Investors Wondering Why Cel-Sci Has Quietly Amended Previously Filed Paperwork Print E-mail
By M.E.Garza   
Wednesday, 11 November 2009 03:00

Is the management at CEL-SCI Corporation (AMEX:CVM) signaling that something big is coming?

In mid September, on the same day that CEL-SCI Corporation (AMEX:CVM) announced that the U.S. Food and Drug Administration (FDA) had indicated that the company could proceed with its first clinical trial to evaluate the effect of its investigational LEAPS-H1N1 treatment on the white blood cells of hospitalized H1N1 patients, CEL-SCI Corporation also announced plans to raise $20 Million in Registered Direct Offering. Shares showed some resiliency after investors were told that the net proceeds from the offering would be used to commence a pivotal Phase III clinical trial with its cancer drug Multikine and that the company would rapidly take its new LEAPS - H1N1 compound into human studies for the treatment of hospitalized H1N1 patients.

After the market closed on Tuesday, investors learned that the company had filed an "amended" Form S-3 with the SEC. The form appears to be part of a $30 million bump to a previously filed "shelf offering" that had just been filed with the SEC two weeks ago, on October 30th.

In that original filing, the company had disclosed that they were looking to raise only $10 million. The total now is $40 million. Was there a miscalculation? Did something unforeseen develop at the recent vaccine conference in D.C.?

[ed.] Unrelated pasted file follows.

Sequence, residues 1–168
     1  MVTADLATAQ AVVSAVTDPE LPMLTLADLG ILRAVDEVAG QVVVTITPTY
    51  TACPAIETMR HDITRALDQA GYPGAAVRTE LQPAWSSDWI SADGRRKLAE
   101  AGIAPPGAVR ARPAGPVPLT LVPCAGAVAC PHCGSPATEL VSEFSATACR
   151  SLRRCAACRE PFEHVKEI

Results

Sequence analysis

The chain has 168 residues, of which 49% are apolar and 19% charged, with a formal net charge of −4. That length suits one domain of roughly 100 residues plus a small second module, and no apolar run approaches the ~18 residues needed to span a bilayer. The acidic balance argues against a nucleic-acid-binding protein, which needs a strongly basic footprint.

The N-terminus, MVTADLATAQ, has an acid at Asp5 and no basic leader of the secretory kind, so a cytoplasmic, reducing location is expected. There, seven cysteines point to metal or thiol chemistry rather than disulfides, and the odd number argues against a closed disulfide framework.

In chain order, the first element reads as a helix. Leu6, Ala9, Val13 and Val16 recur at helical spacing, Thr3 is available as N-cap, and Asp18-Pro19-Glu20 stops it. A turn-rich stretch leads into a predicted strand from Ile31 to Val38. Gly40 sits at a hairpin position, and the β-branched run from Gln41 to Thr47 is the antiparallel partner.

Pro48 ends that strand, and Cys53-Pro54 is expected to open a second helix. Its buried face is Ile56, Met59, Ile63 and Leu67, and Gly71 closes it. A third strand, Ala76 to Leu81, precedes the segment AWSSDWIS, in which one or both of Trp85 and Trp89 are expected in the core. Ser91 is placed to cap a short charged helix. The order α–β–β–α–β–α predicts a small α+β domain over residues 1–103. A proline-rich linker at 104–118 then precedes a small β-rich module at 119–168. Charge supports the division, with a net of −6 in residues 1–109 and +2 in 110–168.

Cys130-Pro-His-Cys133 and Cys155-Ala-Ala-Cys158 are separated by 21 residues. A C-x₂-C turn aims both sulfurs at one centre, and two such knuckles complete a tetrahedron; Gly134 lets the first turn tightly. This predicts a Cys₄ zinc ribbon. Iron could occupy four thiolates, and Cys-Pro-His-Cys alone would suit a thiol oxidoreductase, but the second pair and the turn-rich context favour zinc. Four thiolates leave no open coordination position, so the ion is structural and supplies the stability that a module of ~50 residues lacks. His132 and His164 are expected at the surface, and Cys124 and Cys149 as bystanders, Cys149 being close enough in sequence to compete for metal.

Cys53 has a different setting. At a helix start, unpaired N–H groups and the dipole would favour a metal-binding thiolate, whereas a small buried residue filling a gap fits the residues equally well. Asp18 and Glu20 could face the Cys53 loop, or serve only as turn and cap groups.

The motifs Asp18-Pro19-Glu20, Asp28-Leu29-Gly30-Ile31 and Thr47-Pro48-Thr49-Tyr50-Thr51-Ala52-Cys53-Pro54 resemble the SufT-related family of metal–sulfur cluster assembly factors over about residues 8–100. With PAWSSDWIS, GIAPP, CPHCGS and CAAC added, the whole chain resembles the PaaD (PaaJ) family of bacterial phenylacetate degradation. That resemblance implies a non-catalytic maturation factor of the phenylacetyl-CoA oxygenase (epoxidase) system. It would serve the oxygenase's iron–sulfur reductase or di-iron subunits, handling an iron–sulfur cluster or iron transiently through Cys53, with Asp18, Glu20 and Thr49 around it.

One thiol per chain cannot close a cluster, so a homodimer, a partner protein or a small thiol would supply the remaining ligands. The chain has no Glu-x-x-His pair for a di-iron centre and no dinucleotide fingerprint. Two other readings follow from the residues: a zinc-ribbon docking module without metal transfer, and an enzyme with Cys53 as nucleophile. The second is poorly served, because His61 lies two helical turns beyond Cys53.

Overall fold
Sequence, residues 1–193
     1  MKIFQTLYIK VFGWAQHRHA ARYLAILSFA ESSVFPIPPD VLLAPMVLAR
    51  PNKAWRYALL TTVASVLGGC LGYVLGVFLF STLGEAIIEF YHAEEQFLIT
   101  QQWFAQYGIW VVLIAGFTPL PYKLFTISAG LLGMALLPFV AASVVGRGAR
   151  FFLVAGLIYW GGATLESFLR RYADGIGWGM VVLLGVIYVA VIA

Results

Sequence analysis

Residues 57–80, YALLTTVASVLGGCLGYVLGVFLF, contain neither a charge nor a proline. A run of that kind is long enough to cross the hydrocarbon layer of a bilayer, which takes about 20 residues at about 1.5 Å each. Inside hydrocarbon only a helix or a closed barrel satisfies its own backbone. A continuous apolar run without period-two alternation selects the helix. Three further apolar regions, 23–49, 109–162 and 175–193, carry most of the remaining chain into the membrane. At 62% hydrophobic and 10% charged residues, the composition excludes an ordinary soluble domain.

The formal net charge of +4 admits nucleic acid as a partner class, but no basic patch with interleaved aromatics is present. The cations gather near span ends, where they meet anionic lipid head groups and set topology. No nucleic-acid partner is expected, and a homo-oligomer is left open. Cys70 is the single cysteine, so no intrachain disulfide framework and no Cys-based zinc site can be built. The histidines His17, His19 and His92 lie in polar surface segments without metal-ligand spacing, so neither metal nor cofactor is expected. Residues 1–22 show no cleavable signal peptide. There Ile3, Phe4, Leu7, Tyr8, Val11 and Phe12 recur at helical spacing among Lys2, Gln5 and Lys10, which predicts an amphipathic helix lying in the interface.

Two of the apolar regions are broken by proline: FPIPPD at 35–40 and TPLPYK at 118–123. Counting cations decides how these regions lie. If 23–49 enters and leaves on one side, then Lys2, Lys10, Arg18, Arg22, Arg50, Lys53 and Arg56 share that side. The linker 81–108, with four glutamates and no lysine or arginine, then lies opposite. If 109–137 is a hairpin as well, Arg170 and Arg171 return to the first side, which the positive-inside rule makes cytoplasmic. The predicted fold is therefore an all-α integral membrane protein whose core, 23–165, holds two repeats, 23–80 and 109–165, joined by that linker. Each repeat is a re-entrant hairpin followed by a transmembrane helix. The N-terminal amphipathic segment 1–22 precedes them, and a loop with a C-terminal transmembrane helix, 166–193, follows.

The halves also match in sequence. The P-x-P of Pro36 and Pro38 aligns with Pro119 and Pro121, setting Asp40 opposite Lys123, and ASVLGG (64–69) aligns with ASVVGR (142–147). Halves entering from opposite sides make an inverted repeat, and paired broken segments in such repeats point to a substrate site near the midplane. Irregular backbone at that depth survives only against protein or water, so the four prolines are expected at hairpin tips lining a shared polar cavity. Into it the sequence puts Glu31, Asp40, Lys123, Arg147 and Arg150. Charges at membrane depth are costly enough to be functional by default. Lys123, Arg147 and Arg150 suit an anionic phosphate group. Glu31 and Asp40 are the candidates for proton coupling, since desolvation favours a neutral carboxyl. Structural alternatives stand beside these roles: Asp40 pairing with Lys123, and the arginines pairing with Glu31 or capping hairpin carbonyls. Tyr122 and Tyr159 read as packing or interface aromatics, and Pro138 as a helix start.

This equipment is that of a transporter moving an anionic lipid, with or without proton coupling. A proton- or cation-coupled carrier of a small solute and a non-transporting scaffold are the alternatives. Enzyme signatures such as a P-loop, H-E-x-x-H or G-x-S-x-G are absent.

While the filing has impacted the shares negatively over the last couple of days, the company may not even be planning to take advantage of the new shelf immediately.

These types of filings, while not usually publicized, give informed investors significant information regarding the securities offered, and are basically designed to help alert investors ahead of any sudden moves.

Still, one is left to wonder. Is this a "tell?" Especially given the odd timing of the filing.

One day prior to the amendment, the company had reported from the big conference in Washington that their L.E.A.P.S. platform had shown the ability to modify immune response. Those findings based on studies conducted by Dr. Kenneth S. Rosenthal, Professor of Immunology and Microbiology of Northeastern Ohio Universities College of Medicine and Pharmacy, in collaboration with scientists at the Cleveland Clinic were supportive of the role that the technology might play in the treatment of H1N1 hospitalized patients.

That news, coupled with a release two days earlier that an Institutional Review Board of The Johns Hopkins University School of Medicine (Johns Hopkins) had given clearance for the company's H1N1 clinical study to proceed. The news boosted credibility among investors and basically let them know that CEL-SCI had indeed been working diligently with their CRO and Johns Hopkins to actively prepare submissions to the FDA.

The aim, as explained by company officials in a released statement, is to move ahead "in the fastest and most effective way" towards clinical trials going forward for this unique investigational treatment. That sent shares up 50% during back-to-back sessions on Friday and Monday.